Is it feminist to be obsessed with Kamala Harris’s husband?

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The partners of past vice-presidents barely ever get this much attention. Has anyone heard about Mike Pence’s wife?

Poppy Noor – The Guardian

California Senator Kamala Harris and her husband Douglas Emhoff. Photograph: Noah Berger/AFP/Getty Images

In recent days you’ve probably read a lot about Doug Emhoff – or, as he is more commonly known, Kamala Harris’s husband.

Many a breathless piece has been written about the Democratic vice-presidential candidate’s partner doing very cute, but nonetheless bare minimum acts (he retweets his wife!; he loves his children!; he has a job!). Granted, to see two married people being so nice to each other is a brief moment of joy in an otherwise depressing news landscape. But surely, the headlines dedicated to him have some deeper meaning, outside of the fact that we love to obsess over the relationships of the rich and the powerful?

Maybe it is feminist to obsess over him. Emhoff does, after all, give off the opposite of toxic masculine energy. While it is commonplace in some quarters to pejoratively refer to men who like women too much as “simps”; here is a man who’s proudly a fan of his wife on Instagram! Who unashamedly refers to himself as “Kamala’s hubby” in his social media straplines and is here for all of her photo opportunities. Normally women are expected to be the cheerleaders for their powerful partners while their male partners take the front seat – but here is a man firmly in the back.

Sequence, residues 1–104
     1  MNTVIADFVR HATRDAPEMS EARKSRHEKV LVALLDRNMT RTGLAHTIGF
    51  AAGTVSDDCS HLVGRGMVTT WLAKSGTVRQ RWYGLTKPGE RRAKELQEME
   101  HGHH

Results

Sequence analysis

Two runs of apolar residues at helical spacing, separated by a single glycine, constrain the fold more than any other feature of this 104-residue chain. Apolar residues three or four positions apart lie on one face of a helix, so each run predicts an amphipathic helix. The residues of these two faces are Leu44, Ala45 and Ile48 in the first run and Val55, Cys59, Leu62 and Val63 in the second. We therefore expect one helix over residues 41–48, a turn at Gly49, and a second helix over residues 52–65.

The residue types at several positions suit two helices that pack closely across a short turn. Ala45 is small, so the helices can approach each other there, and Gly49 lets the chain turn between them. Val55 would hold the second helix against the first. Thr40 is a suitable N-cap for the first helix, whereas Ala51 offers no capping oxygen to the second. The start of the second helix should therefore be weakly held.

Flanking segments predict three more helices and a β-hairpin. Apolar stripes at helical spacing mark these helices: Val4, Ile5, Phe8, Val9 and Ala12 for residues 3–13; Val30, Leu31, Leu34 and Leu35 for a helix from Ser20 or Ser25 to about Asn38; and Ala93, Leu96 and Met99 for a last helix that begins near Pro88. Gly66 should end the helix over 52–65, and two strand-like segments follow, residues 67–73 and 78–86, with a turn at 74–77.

We can laugh off describing Emhoff as a “zaddy” (a capable, sexy dad) ; calling him our “hot Jewish dad crush”; or referring to him as the “first second gentleman, because it is tongue-in-cheek: ha ha, look at us subjecting a man to the same treatment that the women in powerful men’s lives get. Of course, there aren’t any tabloid clippings about how inappropriately dressed he is yet; but it feels like redistribution – isn’t it fun to objectify a man, for once?

But while we might all be convincing ourselves that this fawning is feminist, radical, or even normal, it’s not. The partners of past vice-presidents (let alone potential vice-presidents) barely ever get this much attention. Has anyone heard about Mike Pence’s wife? Joe Biden’s wife Jill was barely written about during his tenure, although she did recently win the limelight when she literally strong-armed protesters off the stage when they tried to interrupt one of Biden’s speeches. Lynne Cheney was subject to a rather harsh representation in the blockbuster Vice, for her apparently close and controlling relationship to her husband during the Bush vice-presidency – but only years after the event.

So perhaps we should give up the act and accept that this new obsession with Emhoff gives us a high-brow excuse for engaging in one of the internet’s most guilty pleasures: relationship voyeurism. We love to pore over the relationships of people we don’t know; to read about how they met in a “surprisingly relatable way” (she made him cookies and he told her upfront, by email, that he liked her – which is basically the plot to the popular 1990s movie You’ve Got Mail); what they did on their first date; and whether there is any animosity between their ex-partners.

Like the world’s biggest open secret, we love to look into the lives of others. Stalking people’s relationships was essentially the premise of Facebook; the raison d’etre of most of Taylor Swift’s career; and the reason why any of us still reads tabloid papers. Harris and Emhoff are the Brad and Jen 2020 reboot – but make it political.

 

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